We’re happy to provide answers to the most popular questions about teeth braces, whether these are pre or post treatment we are always happy to help. If you cannot find the answer to the question you are looking for, simply contact us at the practice.
Why do I need teeth braces?
Usually it is because the teeth are overcrowded or bite wrongly. Braces can also help prominent or ‘gappy’ teeth, or teeth that grow in the wrong place.
Why have I been referred by my dentist?
Your dentist is trained to look for orthodontic problems, which don’t just include crooked teeth, but also the development of the teeth and how they meet. Often a general dentist is more focused on general dental health and looking after your teeth and refer to a specialist orthodontist to get more complex treatments and further advice.
Can I refer myself to a specialist orthodontist?
Yes, you can refer yourself, either ring us or fill in your details on the contact page. However, we strongly advise you are registered with a general dentist. The orthodontist will keep your dentist informed about your treatment and any work they may need to do (like extractions or fillings).
Can’t my dentist do the work?
An orthodontic specialist has received at least 3 years comprehensive training in orthodontics alone and is best placed to advise on and treat a whole range of problems. A general dentist will refer work which is beyond his/her ability and training.
Do I need to stay registered with my dentist?
Your orthodontist will not carry out routine dental care. It is important to keep your mouth healthy during treatment by seeing your dentist regularly.
What age could I have braces?
The usual age is once the adult teeth have come through, roughly the age of 12. However we do treat younger patients if there is a need and a clear benefit. Braces can be used on adults of all ages, there is no upper age limit!
What sort of braces are there?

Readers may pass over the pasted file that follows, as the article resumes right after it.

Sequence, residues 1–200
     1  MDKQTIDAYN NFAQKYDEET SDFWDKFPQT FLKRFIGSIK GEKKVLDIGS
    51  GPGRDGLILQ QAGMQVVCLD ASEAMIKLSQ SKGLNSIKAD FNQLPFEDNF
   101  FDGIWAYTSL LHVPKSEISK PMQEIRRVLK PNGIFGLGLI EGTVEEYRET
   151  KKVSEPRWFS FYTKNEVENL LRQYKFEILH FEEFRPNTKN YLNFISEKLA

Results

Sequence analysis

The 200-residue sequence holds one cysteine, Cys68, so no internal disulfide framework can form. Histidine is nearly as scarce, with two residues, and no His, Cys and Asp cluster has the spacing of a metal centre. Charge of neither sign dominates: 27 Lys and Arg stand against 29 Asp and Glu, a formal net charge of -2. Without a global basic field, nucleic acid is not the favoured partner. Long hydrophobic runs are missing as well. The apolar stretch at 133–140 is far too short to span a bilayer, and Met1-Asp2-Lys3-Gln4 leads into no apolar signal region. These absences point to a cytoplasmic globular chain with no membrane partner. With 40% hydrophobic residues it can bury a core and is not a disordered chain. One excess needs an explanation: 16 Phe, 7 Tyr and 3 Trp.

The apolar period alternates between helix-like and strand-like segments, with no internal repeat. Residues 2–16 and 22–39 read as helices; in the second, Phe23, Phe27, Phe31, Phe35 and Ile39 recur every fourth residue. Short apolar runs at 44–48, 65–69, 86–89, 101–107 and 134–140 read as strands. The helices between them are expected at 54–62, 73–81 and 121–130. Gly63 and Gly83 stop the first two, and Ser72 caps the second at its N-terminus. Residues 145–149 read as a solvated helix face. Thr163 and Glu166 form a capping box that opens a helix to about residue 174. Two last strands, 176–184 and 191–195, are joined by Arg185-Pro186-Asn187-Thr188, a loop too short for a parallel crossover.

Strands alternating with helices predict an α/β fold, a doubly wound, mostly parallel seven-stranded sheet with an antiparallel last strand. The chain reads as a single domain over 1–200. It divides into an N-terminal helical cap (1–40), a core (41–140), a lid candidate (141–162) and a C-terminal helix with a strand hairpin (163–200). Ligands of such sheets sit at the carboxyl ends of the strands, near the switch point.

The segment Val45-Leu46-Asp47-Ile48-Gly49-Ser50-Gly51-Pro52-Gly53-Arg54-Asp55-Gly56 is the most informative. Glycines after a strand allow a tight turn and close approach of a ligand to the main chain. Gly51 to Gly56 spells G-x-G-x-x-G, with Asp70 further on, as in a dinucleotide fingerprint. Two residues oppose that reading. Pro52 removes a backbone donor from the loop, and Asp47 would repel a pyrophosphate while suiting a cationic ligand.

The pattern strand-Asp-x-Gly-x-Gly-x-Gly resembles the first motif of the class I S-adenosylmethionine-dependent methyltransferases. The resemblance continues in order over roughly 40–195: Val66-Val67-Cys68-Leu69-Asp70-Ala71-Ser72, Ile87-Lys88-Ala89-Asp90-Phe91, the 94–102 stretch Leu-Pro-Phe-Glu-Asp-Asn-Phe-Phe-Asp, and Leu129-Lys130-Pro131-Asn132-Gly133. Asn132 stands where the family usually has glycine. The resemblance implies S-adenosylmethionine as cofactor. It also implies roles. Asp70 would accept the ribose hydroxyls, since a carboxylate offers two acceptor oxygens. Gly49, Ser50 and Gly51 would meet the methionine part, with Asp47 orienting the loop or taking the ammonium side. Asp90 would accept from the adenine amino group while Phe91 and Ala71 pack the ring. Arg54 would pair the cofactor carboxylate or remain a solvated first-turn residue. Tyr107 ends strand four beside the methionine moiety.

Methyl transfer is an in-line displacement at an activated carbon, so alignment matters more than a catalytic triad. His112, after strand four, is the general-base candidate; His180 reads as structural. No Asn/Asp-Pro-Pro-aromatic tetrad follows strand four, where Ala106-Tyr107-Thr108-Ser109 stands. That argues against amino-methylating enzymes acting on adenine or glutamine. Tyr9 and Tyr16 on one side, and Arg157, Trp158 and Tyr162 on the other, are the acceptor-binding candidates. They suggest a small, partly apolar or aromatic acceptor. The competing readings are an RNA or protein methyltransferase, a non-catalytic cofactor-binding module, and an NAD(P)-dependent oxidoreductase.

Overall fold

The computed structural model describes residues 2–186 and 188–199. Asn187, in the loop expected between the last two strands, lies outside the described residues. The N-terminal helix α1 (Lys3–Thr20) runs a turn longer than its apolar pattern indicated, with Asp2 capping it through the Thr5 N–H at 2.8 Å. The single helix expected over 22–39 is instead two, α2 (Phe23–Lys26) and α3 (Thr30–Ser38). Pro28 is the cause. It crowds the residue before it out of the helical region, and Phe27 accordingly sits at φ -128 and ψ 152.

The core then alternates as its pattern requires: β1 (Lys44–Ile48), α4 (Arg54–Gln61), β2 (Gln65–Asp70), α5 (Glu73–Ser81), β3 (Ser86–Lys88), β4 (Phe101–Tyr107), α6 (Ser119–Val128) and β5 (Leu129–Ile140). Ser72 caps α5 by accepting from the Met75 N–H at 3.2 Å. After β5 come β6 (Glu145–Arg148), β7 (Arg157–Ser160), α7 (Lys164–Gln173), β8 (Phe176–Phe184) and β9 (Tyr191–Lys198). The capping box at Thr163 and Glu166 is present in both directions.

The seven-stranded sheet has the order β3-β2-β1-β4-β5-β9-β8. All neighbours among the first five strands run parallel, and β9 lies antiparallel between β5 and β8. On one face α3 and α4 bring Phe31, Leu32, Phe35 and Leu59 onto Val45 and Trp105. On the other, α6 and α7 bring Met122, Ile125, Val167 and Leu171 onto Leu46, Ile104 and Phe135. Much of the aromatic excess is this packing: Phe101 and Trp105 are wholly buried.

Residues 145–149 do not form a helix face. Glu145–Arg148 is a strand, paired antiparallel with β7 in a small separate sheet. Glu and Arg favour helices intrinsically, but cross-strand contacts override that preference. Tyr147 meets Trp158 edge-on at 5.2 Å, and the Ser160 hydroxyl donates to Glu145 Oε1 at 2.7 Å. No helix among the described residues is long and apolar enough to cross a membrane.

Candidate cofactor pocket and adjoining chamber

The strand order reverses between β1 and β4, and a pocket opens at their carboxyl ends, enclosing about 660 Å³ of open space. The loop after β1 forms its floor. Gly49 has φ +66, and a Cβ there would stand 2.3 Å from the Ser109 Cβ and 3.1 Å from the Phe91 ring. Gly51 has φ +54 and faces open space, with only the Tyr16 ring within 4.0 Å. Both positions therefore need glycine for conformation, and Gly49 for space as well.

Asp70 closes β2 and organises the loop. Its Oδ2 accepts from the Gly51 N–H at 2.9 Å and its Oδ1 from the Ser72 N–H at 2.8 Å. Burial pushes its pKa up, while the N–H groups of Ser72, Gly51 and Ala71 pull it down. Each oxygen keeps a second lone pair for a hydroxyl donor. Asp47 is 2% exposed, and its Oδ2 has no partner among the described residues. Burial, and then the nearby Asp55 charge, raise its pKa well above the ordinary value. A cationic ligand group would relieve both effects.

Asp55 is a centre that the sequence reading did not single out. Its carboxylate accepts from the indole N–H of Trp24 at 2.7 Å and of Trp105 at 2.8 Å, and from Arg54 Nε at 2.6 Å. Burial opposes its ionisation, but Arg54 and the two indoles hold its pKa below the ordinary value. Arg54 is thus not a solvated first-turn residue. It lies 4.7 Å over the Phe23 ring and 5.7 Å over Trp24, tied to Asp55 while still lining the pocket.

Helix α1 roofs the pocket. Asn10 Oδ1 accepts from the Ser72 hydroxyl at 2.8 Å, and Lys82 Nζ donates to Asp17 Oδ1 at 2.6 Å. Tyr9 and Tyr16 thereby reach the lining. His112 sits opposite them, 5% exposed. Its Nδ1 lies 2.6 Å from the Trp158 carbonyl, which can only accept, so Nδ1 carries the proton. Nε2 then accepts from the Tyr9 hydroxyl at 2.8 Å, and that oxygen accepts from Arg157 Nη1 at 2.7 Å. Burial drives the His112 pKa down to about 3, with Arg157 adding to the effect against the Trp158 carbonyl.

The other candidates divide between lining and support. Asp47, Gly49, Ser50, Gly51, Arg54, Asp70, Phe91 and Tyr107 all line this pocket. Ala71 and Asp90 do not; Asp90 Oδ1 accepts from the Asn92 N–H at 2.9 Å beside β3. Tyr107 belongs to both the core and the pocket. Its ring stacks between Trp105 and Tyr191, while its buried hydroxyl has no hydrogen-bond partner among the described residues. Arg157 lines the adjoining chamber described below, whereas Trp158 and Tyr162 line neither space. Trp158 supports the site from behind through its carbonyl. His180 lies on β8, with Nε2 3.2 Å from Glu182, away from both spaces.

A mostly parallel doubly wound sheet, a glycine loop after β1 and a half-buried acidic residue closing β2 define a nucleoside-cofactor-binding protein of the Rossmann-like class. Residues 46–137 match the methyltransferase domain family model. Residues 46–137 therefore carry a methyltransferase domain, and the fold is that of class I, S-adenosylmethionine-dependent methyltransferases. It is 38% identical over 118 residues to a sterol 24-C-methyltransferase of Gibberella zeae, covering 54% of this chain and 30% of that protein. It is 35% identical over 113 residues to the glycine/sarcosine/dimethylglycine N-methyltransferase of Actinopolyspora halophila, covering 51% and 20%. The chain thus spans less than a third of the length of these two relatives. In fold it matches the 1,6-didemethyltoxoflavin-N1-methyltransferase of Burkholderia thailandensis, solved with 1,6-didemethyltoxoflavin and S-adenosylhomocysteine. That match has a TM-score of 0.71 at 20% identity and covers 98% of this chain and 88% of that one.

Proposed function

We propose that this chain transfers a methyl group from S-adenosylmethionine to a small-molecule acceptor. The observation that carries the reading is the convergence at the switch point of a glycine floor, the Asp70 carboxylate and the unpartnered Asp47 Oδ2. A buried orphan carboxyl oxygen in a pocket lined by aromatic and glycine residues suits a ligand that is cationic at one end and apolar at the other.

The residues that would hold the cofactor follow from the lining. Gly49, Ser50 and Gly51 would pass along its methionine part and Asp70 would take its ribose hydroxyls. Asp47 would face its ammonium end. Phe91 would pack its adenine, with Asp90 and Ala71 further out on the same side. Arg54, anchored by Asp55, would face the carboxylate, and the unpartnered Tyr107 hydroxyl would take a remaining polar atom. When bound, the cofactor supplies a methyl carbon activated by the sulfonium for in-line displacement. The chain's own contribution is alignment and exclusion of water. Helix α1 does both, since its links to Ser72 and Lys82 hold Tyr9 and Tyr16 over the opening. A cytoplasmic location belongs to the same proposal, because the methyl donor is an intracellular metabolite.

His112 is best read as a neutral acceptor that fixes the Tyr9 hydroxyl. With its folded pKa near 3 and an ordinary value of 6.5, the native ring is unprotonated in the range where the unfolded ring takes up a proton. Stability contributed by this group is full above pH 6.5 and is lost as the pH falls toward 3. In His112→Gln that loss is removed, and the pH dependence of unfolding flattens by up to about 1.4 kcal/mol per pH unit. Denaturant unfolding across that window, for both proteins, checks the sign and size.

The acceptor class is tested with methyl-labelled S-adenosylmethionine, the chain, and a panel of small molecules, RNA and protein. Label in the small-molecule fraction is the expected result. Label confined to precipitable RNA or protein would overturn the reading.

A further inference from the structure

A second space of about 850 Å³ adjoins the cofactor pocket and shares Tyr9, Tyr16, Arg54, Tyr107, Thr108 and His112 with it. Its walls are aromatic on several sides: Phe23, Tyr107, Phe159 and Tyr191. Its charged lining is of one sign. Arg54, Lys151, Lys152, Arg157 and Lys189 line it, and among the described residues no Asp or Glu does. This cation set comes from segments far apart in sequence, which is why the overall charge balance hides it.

There are fixed braces, removable braces, Invisalign and lingual braces (that sit behind your teeth).
Can I choose what sort of braces I have?
The orthodontist will advise you which type of brace will work best for you. If you have a preference please discuss this at your initial visit, as we always try to tailor treatment to suit you.
Can I have colours on my brace?
Standard fixed braces use small elastics to hold the wire in. These can be plain or coloured and are changed every visit. Try the colours of your football team or your favourite colour!
Can I have invisible braces?
There is no such thing as truly invisible braces however we do have less noticeable options. Tooth coloured braces can be used to make the brace less noticeable. We also use Invisalign (Clear braces) and braces on the back (lingual) of the teeth. See Types of Braces.
I have been refused Orthodontic treatment on the NHS. Can I still have braces?
If your teeth are not severe enough for NHS treatment you can be treated privately if your orthodontist feels you will get some benefit.
I don’t want braces. Do I have to have them?
In general, it is up to you to decide. However, the orthodontist will advise you about any risks that may occur if you don’t have a brace.
How long do you have to wear braces?
This depends on your problem and can be affected by the type of brace you have. Most treatments take between 6 and 20 months. You will be given a guide to treatment time at your initial visit.
How often will I need to see the orthodontist?